Spring Creek Watershed Action Plan (SCWAP) Update from David Roberts – Aug. 30, 2018

For prior coverage, see NVEC posts

SCWAP Water Quantity Technical Group Meeting August 30

By David Roberts

A meeting was held on August 30, 2018 by the Spring Creek Watershed Commission’s, Spring Creek Watershed Action Plan Phase 2 Water Quantity Workgroup to discuss the current state of the health of the watershed, to review current data, and to set parameters for analysis.

Janie French of Headwaters Charitable Trust facilitated the meeting by sharing data from the “Hydrological Setting of Spring Creek” and Centre Region Planning Agency estimates of impervious surfaces, and by guiding the discussion.

Participants from US Geological Survey, Susquehanna River Basin Commission and PA Department of Environmental Protection have relevant but somewhat inaccessible data and will be working to provide some collation of data on Spring Creek from their massive data banks.

The two work groups, water quantity and water quality, may try meeting as a single group following the Water Quality Workgroup meeting on September 6.

There were participants in the Water Quality group that probably had information on water quantity, and vice versa, so I think that is a good idea.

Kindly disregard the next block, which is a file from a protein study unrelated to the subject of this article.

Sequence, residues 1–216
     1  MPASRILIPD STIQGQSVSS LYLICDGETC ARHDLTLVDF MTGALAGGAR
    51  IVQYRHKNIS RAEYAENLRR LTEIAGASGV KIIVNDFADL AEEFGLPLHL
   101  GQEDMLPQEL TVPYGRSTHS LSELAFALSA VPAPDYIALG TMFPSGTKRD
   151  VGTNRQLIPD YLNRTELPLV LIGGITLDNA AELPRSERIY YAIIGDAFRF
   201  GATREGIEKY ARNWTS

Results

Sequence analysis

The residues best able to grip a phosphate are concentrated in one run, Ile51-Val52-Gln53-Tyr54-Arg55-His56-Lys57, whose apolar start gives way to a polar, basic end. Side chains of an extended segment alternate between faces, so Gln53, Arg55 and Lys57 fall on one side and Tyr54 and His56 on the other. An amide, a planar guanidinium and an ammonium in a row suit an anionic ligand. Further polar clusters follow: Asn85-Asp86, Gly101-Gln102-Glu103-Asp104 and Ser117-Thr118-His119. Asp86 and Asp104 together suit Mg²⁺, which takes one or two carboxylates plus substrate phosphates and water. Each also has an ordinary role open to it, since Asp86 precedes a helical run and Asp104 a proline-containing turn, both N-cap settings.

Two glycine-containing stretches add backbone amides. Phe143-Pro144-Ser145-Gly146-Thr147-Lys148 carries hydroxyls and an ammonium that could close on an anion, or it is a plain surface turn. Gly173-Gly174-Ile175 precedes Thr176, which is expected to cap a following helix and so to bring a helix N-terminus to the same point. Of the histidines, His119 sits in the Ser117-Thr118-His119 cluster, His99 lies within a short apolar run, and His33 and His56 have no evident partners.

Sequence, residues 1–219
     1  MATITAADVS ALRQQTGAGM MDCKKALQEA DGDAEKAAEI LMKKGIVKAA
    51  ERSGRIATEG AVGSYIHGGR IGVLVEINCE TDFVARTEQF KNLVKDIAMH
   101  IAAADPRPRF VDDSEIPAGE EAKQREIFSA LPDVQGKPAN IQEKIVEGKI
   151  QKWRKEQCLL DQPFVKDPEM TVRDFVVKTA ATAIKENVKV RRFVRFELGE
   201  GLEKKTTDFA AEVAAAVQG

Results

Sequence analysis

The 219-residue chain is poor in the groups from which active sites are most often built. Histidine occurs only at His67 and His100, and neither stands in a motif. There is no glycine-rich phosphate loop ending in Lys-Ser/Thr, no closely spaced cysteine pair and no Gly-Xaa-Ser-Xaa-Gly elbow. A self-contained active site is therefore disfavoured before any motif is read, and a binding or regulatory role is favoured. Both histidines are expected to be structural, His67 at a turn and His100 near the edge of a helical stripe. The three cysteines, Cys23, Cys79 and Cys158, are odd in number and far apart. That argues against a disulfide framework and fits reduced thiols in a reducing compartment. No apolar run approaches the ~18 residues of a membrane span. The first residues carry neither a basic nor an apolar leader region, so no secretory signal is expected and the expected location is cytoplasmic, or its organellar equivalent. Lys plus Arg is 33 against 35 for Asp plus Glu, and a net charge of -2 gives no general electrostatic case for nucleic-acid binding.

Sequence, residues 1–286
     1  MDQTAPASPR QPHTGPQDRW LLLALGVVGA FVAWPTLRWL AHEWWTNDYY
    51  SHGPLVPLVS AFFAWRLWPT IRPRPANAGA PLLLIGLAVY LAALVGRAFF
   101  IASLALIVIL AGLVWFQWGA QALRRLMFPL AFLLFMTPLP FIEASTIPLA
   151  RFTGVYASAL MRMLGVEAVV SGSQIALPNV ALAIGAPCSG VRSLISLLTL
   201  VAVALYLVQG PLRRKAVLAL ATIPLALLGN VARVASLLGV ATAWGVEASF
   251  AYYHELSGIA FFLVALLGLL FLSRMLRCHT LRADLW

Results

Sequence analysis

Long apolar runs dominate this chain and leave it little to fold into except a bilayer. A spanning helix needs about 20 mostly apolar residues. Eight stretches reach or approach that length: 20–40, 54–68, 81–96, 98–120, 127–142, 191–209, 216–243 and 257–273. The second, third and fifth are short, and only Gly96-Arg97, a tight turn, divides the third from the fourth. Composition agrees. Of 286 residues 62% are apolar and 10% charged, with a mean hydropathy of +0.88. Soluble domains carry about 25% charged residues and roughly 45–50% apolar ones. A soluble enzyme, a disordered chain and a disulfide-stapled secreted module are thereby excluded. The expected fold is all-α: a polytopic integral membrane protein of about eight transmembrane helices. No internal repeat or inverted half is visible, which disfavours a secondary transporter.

The water quantity group felt that biological indicators are a very important measure of water quality, so discussion of macro-invertebrate surveys should be one of the main topics of discussion for the Water Quality Workgroup.

Water quantity is also a very important factor for water quality.

There was some discussion that Spring Creek may be compared to the Valley Creek watershed at Valley Forge PA. The Valley Creek is sort of Spring Creek in miniature and has been critically degraded due to overdevelopment.

Spring Creek watershed may be approaching a tipping point with no return due to development. Control of development and direction of development into areas that have minimized impact to the watershed are essential to protect the health of the watershed.

There is a big question as to the actual area of impervious surfaces in our watershed.

One estimate places impervious surfaces at 15% of the total watershed area and another places it at about 8%. This is quite a discrepancy that must be resolved.

Impervious cover of 20% presents an unacceptable threat to the health of the surface water quality and is adverse to the survival of trout.

A DEP representative indicated that Spring Creek is approaching a critical point for water capacity during a 10-year drought condition given the size of the watershed and the growing population. A policy/risk assessment is needed to address the impact of severe drought. Drought is determined by the reduction of stream base flow below a certain level and by fluctuation of monitoring wells, all driven by the amount of precipitation within the watershed.

SRBC has some withdrawal limitations during drought conditions. Local use restrictions may also be needed during drought.

The SRBC has some data on surface and ground water withdrawal from the watershed, however the data is limited to large volume withdraw.